David Richmond is one of the original four who took part in the Woolworth sit-ins. He grew up in Greensboro, NC and received his early education at James B. Dudley High School. After graduating, he entered North Carolina A&T State University in the Fall of 1959, where he majored in business administration and accounting. After leaving A&T, he became a counselor for the CETA program in Greensboro, but was eventually forced to leave Greensboro because his life was threatened. He relocated to the mountain community of Franklin, North Carolina.
He spent nine years in Franklin, until his return to Greensboro to care for his ailing parents. Richmond was the only one of the Greensboro Four to return to the city. He had a hard time finding a job as he had to fight the stigma of being a troublemaker. He was finally able to find work as a janitor for the Greensboro Health Care Center. In 2980, the Greensboro Chamber of Commerce awarded him the Levi Coffin Award for “leadership in human rights, human relations and human resources development in Greensboro.”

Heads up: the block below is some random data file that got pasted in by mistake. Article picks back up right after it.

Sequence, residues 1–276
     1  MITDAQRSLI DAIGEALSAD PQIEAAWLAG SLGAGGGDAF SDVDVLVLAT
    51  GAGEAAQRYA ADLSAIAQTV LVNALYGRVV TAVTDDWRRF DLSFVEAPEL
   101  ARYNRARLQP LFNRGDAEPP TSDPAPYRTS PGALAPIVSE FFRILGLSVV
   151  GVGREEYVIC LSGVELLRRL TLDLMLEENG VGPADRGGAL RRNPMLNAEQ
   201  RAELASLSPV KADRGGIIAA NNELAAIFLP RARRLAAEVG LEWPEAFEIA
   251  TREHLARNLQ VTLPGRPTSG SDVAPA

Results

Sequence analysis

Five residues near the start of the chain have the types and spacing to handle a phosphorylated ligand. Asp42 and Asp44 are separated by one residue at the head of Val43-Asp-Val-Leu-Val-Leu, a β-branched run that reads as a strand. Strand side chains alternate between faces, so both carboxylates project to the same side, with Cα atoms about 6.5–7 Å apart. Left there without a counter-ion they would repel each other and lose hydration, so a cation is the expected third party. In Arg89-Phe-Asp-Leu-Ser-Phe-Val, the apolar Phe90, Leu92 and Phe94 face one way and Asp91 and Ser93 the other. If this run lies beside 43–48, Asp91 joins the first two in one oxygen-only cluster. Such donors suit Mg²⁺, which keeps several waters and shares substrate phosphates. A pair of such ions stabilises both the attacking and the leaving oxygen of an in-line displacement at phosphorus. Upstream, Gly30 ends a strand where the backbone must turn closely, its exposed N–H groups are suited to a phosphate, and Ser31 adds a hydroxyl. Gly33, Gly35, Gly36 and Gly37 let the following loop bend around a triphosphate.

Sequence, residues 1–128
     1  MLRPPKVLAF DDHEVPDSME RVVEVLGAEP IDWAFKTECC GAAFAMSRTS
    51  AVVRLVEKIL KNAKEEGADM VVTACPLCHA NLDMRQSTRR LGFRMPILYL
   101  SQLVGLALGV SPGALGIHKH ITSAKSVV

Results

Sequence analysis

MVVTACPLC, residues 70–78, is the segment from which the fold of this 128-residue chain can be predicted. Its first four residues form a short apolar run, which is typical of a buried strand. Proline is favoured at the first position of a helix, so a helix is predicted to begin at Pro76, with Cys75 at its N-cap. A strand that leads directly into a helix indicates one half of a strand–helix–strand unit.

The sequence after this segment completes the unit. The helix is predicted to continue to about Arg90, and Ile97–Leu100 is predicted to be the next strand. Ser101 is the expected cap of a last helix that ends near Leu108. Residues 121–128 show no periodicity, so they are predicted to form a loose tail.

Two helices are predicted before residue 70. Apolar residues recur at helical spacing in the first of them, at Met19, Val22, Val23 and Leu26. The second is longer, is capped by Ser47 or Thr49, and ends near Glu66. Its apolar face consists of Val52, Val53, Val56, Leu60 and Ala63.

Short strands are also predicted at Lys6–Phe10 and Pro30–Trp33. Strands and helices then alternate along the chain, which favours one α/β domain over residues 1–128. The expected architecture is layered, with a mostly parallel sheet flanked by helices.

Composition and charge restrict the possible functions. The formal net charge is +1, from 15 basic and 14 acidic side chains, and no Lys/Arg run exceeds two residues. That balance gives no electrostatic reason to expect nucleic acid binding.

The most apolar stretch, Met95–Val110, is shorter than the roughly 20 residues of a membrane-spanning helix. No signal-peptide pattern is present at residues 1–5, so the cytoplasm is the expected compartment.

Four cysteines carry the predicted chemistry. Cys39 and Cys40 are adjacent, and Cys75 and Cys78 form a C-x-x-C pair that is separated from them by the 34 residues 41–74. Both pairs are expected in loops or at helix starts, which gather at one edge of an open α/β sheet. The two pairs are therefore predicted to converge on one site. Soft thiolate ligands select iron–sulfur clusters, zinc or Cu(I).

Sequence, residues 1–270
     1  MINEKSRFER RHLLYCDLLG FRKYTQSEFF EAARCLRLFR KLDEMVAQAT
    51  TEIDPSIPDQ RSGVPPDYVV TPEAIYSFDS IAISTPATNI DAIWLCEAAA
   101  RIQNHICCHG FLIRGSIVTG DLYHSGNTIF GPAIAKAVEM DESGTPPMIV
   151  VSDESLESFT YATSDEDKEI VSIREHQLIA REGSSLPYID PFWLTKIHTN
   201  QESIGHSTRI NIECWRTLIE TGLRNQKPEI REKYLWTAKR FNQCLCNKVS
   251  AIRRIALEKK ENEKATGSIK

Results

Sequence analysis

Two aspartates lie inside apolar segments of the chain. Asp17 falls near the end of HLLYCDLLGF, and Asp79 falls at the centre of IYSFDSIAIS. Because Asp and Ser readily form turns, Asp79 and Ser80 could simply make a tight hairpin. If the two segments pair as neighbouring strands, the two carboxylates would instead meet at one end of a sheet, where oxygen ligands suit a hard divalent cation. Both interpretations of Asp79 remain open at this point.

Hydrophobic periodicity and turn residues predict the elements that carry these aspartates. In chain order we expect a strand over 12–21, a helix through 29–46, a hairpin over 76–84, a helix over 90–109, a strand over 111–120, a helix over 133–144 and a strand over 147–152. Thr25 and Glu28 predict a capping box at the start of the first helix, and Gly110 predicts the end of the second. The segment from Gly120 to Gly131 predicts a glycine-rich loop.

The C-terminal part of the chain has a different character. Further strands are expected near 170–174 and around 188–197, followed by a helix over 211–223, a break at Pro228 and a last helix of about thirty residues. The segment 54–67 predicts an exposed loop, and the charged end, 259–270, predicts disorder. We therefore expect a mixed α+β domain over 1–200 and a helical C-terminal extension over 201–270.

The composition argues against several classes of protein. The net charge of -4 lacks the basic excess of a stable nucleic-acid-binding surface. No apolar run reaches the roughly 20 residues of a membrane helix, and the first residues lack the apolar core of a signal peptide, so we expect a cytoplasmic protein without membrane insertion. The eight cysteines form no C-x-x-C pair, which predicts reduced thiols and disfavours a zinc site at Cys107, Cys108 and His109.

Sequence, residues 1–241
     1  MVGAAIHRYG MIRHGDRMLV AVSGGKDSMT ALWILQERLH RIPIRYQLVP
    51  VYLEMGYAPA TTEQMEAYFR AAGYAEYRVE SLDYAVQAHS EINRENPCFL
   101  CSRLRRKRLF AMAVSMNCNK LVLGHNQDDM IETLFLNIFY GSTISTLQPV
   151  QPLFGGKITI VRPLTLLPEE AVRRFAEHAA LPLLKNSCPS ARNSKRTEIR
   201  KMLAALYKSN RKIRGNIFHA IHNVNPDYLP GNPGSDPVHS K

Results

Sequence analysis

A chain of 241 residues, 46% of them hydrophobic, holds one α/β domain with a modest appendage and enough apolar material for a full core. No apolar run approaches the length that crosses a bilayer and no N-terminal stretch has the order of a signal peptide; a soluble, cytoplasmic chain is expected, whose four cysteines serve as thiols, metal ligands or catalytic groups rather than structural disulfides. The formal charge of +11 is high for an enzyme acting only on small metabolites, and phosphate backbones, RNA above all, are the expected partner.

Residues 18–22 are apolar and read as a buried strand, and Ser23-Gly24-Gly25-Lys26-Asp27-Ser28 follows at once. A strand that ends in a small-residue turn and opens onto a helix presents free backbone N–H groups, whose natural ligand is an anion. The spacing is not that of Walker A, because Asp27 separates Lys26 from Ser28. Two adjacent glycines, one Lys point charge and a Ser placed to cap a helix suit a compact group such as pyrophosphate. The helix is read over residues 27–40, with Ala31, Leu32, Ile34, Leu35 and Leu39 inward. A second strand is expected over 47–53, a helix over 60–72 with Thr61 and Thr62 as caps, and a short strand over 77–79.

Richmond died of lung cancer in 1990 at the age of 49. He was posthumously awarded an honorary doctorate of humanities degree by North Carolina A&T and in 2010 the James Smithson Bicentennial Medal from the Smithsonian Institution.